There comes a time for any home-loving tournament pro when he must decide whether it is worth the loneliness land heartache to travel around the country month after month in pursuit of big money—or whether he would rather remain at home with the family and be content with a more modest income. Johnny Pott, who is 32 and who last year earned $42,000, began 1968 with this in mind. He had spent 11 years on the tour, yet he had won only four tournaments in that time and none since 1963. Thus he was determined either to win handsomely this year or to toss it in and return to Mississippi, his wife Maryrose and his two children. Last Sunday at the Bing Crosby pro-am at Pebble Beach it became fairly certain that Maryrose Pott will have to get along by herself for a while. By sinking a 25-foot chip shot for a birdie on the first hole of sudden death, Johnny Pott beat Billy Casper and Bruce Devlin in a three-way playoff to win $16,000 and start the year in a style to which he has not been accustomed.
During the Crosby, Pott shared a room with Jack Burke Jr., an old friend who makes only sporadic tournament appearances at the major events. They talked golf both on the course and off, since for the first three days they happened to be playing in the same foursome. "We just talked about things like positioning correctly and getting the club back at the start of the swing," Pott explained.
Johnny's golf responded to the treatment. He opened with a 70 at Cypress Point that was a model of consistency and followed that with a 71 at the difficult Spyglass Hill to take the tournament lead. A 71 at Pebble Beach kept him in front, but in the final round—which everyone played at Pebble Beach—a rash of three-putt greens and a bad bounce seemed to have finished him. As late as the 16th tee Pott was two strokes behind Casper and Devlin, but birdies at 16 and 17 brought him even, setting the scene for his dramatic victory.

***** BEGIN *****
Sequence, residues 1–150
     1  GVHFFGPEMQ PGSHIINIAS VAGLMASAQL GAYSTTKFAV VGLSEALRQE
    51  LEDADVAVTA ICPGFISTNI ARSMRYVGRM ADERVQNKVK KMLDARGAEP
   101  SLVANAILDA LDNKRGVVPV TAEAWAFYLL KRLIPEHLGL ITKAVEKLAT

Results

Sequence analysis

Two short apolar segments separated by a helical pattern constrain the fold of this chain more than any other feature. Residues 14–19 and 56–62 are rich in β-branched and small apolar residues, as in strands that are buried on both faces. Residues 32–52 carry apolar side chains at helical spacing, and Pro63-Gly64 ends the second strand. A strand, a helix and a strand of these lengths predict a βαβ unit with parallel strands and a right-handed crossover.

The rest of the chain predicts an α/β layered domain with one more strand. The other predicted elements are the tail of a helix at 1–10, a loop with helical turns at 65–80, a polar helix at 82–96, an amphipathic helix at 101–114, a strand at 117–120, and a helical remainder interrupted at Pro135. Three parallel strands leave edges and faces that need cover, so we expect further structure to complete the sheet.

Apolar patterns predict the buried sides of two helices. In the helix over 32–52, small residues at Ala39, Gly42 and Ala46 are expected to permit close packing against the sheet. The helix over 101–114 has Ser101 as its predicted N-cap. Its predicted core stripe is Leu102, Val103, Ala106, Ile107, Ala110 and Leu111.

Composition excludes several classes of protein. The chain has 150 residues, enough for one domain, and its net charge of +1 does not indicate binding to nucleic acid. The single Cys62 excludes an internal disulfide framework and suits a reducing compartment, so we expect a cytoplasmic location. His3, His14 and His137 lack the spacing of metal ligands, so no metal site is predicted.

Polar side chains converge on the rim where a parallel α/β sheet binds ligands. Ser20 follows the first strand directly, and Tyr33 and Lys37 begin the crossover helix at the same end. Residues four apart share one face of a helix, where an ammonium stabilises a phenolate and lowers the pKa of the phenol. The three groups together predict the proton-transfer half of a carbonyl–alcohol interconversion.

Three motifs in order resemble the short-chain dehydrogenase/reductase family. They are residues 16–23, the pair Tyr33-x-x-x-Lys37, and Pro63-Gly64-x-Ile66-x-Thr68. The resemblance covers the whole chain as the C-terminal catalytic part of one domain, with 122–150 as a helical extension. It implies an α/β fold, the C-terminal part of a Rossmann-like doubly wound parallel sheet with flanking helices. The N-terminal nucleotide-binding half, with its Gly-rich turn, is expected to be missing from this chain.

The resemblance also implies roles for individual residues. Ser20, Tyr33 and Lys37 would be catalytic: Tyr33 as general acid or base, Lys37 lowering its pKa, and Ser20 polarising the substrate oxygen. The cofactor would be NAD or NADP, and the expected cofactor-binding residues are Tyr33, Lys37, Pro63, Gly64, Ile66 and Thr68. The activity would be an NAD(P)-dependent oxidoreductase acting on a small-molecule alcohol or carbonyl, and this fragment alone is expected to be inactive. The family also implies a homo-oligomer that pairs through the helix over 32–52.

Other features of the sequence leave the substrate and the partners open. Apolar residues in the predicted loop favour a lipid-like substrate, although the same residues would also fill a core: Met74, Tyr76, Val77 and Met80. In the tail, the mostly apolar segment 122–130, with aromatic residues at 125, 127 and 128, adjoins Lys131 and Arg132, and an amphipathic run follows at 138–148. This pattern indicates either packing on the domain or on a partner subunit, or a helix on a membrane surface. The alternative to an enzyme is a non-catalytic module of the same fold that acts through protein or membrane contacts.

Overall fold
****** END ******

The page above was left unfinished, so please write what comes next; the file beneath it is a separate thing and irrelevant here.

As the name pros arrived for the start of the tournament, it was apparent that the Crosby, which has gone through more than its share of changes in the 31 years since its modest beginning, was in danger of becoming known as the Waistline Classic. For the first time in its history the Crosby opened the pros' winter tour, and a lot of the regulars looked jowly and paunchy, as if they had not yet digested their Christmas turkey. You could pay your week's expenses making book on the weight difference between Jack Nicklaus and Arnold Palmer (merely five pounds, according to the early figures—202 to 197—although Palmer claimed he was only 190). Bobby Nichols, who had been spending a week at Palm Desert getting his game in shape, ate his way out of it, ballooning to 215 pounds, 12 over last year. An ample Frank Beard, who last year won $110,000 on the tour, shot a 94 in a practice round at Palm Springs. And so it went. By their profiles you could scarcely tell some of the young pros from their middle-aged amateur partners, just out from behind a desk.